Dry Cured Finocchiona
Updated: Mar 19, 2019
Finocciona is a dry cured sausage that has lots of fennel seed in it. Used this recipe for two different batches in order to compare the difference between Heritage Pork and Costco pork. Its my first attempt to make a fermented sausage. Look for a later post that will contain the results of the comparison side by side pork quality challenge. This recipe is adapted from the cookbook Salumi by Ruhlman and Polcyn. I use gram weights in this recipe for accuracy.
5 lbs pork shoulder or but 75/25 split meat/fat
30 g sea salt
7 g curing salt #2
6 g course ground black pepper
6 g course ground white pepper
12 g corn syrup
14 g fennel seeds, toasted and cracked. (I used my toaster oven for 1 minute 15 seconds)
8 garlic cloves crushed thru garlic press
125 ml red wine, pinot noir
Bactoferm as per the package for 5 lbs of meat
3 tbsp distilled water for the bactoferm
Mold 600 for spraying the links when in your drying chamber
Beef Middles as needed for stuffing soaked in water for 20 minutes. I needed about 6 feet.
1. Make sure your pork is well chilled and grind it thru your course grinding plate. Put it back into the fridge to rechill it.
2. Create your Bactoferm culture with the distilled water and let it cure for the recommended time on the package.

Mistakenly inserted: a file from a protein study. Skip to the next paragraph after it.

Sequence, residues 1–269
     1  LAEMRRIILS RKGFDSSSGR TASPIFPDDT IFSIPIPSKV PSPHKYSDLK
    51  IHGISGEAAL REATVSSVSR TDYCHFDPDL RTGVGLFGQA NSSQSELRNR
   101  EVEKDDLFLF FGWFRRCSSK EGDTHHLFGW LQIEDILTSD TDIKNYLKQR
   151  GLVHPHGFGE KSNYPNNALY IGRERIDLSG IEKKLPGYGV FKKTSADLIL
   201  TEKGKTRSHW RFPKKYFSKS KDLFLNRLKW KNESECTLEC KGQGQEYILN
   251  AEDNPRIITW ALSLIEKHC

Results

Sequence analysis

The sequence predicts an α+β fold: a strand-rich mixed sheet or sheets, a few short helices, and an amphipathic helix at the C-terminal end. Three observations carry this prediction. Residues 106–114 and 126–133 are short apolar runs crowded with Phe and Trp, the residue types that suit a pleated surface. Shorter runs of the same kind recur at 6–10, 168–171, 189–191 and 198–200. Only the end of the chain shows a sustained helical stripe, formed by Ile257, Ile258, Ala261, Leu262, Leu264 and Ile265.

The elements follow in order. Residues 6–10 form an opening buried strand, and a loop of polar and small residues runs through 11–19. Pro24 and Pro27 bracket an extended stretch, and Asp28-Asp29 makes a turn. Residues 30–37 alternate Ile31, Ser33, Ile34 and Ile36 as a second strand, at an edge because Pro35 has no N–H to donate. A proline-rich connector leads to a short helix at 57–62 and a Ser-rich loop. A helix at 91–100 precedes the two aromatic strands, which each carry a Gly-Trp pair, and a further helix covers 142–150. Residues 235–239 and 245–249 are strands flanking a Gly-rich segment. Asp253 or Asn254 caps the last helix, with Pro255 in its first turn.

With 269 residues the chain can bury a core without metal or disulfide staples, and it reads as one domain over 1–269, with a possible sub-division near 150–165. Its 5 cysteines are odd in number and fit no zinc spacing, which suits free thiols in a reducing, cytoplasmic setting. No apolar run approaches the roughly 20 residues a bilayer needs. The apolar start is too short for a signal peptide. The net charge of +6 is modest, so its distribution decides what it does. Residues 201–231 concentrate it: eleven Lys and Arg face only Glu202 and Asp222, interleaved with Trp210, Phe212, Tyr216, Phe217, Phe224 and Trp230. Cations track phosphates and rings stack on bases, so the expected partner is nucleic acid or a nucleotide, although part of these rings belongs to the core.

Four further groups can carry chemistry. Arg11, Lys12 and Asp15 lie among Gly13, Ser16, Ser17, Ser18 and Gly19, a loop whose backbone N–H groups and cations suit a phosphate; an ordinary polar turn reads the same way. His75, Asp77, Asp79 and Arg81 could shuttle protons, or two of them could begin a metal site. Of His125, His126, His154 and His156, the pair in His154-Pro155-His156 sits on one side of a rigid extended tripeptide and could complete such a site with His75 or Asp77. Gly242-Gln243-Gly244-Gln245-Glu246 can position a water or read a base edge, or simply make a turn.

3. Add all herbs, cure and spices except for the garlic in a small container and mix them thoroughly.
4. Add the garlic, and spice mixture to the ground pork and mix it with your hands until evenly mixed.
5. Add the red wine and the bactoferm culture to the sausage mixture and remix until fully incorporated.
6. Stuff your sausage into the beef middles
7. Allow the sausages to rest in a warm moist place for 18 hours. This allows the bactoferm to ferment and flavor the sausage. (78 degrees, 80% humidity)
8. Weigh each sausage and mark down the its initial weight.
9. Hang the sausage in your drying/curing chamber. Spray the sausages with the Mold 600 culture at this point (use the package instructions to dilute and cultivate it)
10. Dry at 58 degrees and 70% humidity until each sausage loses at least 30% of its weight.